nep-hrm New Economics Papers
on Human Capital and Human Resource Management
Issue of 2022‒06‒27
seven papers chosen by
Patrick Kampkötter
Eberhard Karls Universität Tübingen

  1. "Since You're So Rich, You Must Be Really Smart": Talent, Rent Sharing, and the Finance Wage Premium By Böhm, Michael Johannes; Metzger, Daniel; Strömberg, Per
  2. Job Satisfaction, Structure of Working Environment and Firm Size By Aysit Tansel; Saziye Gazioglu
  3. Who Benefits from Firm Success? Heterogenous Rent Sharing in New Zealand By Allan, Corey; Maré, David C.
  4. More effort or better technologies? On the effect of relative performance feedback By Gwen-Jiro Clochard; Guillaume Hollard; Julia Wirtz
  5. Why working from home will stick By Jose Maria Barrero; Nicholas Bloom; Steven J. Davis
  6. Control Aversion in Hierarchies By De Chiara, Alessandro; Engl, Florian; Herz, Holger; Manna, Ester
  7. Beliefs about gender differences in social preferences By Christine L. Exley; Oliver P. Hauser; Molly Moore; John-Henry Pezzuto

  1. By: Böhm, Michael Johannes (University of Bonn); Metzger, Daniel (Erasmus University Rotterdam); Strömberg, Per (CEPR)
    Abstract: Financial sector wages have increased extraordinarily over the last decades. We address two potential explanations for this increase: (1) rising demand for talent and (2) firms sharing rents with their employees. Matching administrative data of Swedish workers, which include unique measures of individual talent, with financial information on their employers, we find no evidence that talent in finance improved, neither on average nor at the top. The increase in relative finance wages is present across talent and education levels, which together can explain at most 20% of it. In contrast, rising financial sector profits that are shared with employees account for up to half of the relative wage increase. The limited labor supply response may partly be explained by the importance of early-career entry and social connections in finance. Our findings alleviate concerns about "brain drain" into finance but suggest that finance workers have captured rising rents over time.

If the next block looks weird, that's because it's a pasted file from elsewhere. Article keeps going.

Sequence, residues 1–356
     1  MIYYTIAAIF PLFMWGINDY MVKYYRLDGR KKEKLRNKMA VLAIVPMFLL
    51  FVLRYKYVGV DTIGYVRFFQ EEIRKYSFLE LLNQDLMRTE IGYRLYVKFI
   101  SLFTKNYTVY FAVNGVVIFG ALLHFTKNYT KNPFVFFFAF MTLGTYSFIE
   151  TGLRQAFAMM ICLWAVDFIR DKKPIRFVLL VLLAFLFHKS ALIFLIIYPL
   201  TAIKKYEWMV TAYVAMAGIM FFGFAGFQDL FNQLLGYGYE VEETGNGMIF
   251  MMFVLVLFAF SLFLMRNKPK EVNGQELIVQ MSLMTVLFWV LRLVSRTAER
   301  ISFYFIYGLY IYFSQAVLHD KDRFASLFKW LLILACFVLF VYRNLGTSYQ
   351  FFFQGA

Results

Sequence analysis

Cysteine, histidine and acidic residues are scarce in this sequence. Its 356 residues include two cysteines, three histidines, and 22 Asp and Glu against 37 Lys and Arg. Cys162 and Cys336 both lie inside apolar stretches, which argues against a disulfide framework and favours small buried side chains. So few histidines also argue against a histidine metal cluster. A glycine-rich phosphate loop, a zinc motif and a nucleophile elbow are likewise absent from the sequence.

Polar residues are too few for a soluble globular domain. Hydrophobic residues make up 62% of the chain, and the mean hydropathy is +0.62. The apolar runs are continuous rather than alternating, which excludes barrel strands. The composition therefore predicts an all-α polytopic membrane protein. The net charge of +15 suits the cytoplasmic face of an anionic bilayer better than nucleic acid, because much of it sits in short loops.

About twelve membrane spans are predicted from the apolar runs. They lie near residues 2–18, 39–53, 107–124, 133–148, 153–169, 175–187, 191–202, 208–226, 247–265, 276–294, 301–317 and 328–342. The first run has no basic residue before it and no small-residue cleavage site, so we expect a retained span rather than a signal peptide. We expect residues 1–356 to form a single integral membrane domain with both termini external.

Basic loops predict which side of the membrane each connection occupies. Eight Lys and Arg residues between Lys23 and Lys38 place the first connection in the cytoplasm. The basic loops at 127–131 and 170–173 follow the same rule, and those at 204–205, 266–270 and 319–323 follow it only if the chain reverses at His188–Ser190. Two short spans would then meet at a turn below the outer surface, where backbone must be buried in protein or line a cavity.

Keywords: industry wage premia, talent allocation, rent sharing, earnings inequality, compensation in financial sector
    JEL: J24 J31 G20
    Date: 2022–05
  2. By: Aysit Tansel (Department of Economics Middle East Technical University, IZA, ERF Cario); Saziye Gazioglu (Department of Economics and Instituted of Applied Mathematics (IAM) Middle East Technical University, Department of Economics University of Aberdeen)
    Abstract: Employees’ wellbeing is important to the firms. Analysis of job satisfaction may give insight into various aspect of labor market behavior, such as worker productivity, absenteeism and job turn over. Little empirical work has been done on the relationship between structure of working environment and job satisfaction. This paper investigates the relationship between working environment, firm size and worker job satisfaction. We use a unique data of 28,240 British employees, Workplace Employee Relations Survey. In this data set the employee questionnaire is matched with the employer questionnaire. Four measures of job satisfaction considered are satisfaction with influence over job, satisfaction with amount of pay, satisfaction with sense of achievement and satisfaction with respect from supervisors. They are all negatively related to the firm size implying lower levels of job satisfaction in larger firms. The firm size in return is negatively related to the degree of flexibility in the working environment. The small firms have more flexible work environments. We further find that, contrary to the previous results lower levels of job satisfaction in larger firms can not necessarily be attributed to the inflexibility in their structure of working environment.
    Keywords: Job Satisfactions, Firm Size, Working Environment, Linked Employer-Employee data, Britain.
    JEL: J21 J28 J29 J81
    Date: 2022–06
  3. By: Allan, Corey; Maré, David C. (Motu Economic and Public Policy Research Trust)
    Abstract: We examine heterogeneous rent-sharing in New Zealand using LEED data. Using a refined measures of quasi-rents per worker, we find that 20% to 30% of workers are in zero-excess-rent firms - disproportionately women, Māori or Pacific peoples, low-qualified workers, and those in hospitality, admin services, and retail industries,. The overall rent-sharing elasticity of 0.03 is equivalent to $38 higher earnings per $1,000 of excess rents per worker. Sharing varies by qualification, tenure, and ethnicity, but not by firm size or age. In most industries, workers receive $1,500-$2,000 of rents per year. Sharing is highest in auxiliary finance and professional services sectors and lowest in grocery retailing, food and beverage manufacturing and utilities. There is some evidence of insurance-type behaviour by firms. Differences in bargaining power are also likely to affect rent sharing variation.